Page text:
China’s housing regulatory agency oversees bank accounts of Evergrande Group

WCN Editorial Team 24 Sep 2021 ASIA BUILDINGS

China’s housing regulatory agency has bolstered its supervision of the bank accounts of Evergrande Group so that the property developer does not divert funds to pay its creditors but only use them only to finish the construction projects, reported Bloomberg.

Citing sources familiar with the matter, the news agency report stated that the cash payments from these accounts will be subject to the state approval.

In some cities, local bureaus have already commenced implementing the measures, the people added.

This move indicates that the houseowners are on top of the government’s priority list for managing the Evergrande crisis.

Banks, bondholders, and other creditors are seeking repayments on over $300bn in liabilities from the cash-strapped property developer.

To suppliers, the real estate firm owes about $147bn in trade and other payables. As of December 2020, it secured down payments on yet-to-be-finished projects from about 1.6 million homebuyers.

The firm has not made any announcement on whether it met the 23 September deadline to make $83.5m in dollar-bond interest payments on a $2bn offshore bond, and a $47.5m dollar-bond interest payments due next week.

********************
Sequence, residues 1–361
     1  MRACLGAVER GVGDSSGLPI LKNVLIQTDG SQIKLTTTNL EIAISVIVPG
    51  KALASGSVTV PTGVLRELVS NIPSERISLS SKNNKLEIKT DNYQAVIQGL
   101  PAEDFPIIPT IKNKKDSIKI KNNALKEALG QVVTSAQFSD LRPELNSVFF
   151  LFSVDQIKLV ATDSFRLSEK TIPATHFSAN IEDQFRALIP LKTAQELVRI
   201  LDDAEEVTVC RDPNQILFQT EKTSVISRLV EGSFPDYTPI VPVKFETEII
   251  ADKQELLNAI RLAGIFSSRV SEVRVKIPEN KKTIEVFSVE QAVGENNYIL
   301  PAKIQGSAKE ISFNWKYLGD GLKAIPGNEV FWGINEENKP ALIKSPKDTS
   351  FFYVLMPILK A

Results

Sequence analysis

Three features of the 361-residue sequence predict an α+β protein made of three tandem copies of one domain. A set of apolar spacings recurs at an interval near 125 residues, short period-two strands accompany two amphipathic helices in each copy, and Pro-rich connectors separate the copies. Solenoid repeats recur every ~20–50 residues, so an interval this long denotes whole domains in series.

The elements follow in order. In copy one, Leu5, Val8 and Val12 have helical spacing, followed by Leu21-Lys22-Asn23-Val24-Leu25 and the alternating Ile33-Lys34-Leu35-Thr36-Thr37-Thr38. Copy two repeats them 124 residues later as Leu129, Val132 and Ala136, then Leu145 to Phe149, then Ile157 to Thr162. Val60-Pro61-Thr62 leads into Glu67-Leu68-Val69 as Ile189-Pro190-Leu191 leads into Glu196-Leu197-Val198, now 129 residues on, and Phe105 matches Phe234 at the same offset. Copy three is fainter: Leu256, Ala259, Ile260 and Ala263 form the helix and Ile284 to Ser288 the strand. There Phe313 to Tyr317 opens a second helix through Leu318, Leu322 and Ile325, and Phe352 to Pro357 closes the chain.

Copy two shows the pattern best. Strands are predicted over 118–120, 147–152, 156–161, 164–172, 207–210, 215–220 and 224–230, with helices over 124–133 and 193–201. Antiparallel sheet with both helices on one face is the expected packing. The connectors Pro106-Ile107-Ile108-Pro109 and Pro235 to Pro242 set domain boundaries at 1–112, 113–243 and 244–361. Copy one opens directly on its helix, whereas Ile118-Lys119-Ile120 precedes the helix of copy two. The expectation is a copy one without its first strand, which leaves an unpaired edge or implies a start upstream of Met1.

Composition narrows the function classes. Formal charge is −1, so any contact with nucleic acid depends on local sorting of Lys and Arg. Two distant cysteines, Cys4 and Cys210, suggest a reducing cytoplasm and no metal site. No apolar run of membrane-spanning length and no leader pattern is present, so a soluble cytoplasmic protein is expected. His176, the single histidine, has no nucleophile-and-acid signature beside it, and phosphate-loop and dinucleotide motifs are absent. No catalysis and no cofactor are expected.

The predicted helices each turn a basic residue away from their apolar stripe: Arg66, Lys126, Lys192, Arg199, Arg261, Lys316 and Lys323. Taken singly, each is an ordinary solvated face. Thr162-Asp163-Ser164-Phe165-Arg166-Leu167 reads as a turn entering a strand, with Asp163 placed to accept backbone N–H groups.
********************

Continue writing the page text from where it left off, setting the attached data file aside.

These bonds would stand to default if the firm fails to settle the interest within 30 days of the scheduled date of payments.

The restrictions on the bank accounts indicate that the government is taking a more active and serious role in the crisis as it is concerned that missed payments by the firm could trigger protests across the country, reported the publication.

Although property developers in the country can sell residential properties before construction is finished, they must deposit funds from these sales in supervised bank accounts so that the builders are stopped from abandoning projects or directing those funds for other purposes.

In July, authorities of a city reportedly put a halt on the sale of two Evergrande projects over allegations that the firm deposited only a portion of the proceeds from sales into the escrow accounts.

In September, the housing bureau in Nansha district created an escrow account under its own name so that Evergrande does not resort to diversion of the funds.

In a recent meeting, financial regulators have issued a set of instructions to Evergrande, encouraging the latter to take steps to avoid a near-term default on dollar bonds and focus on finishing its projects while repaying its investors.

Meanwhile, the authorities have urged the local governments to prepare for the possible downfall of the group, reported the Wall Street Journal, citing officials familiar with the matter.

 

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Houseowners are on top of the government’s priority list for managing the Evergrande crisis. Credit: 
Free-Photos from Pixabay 

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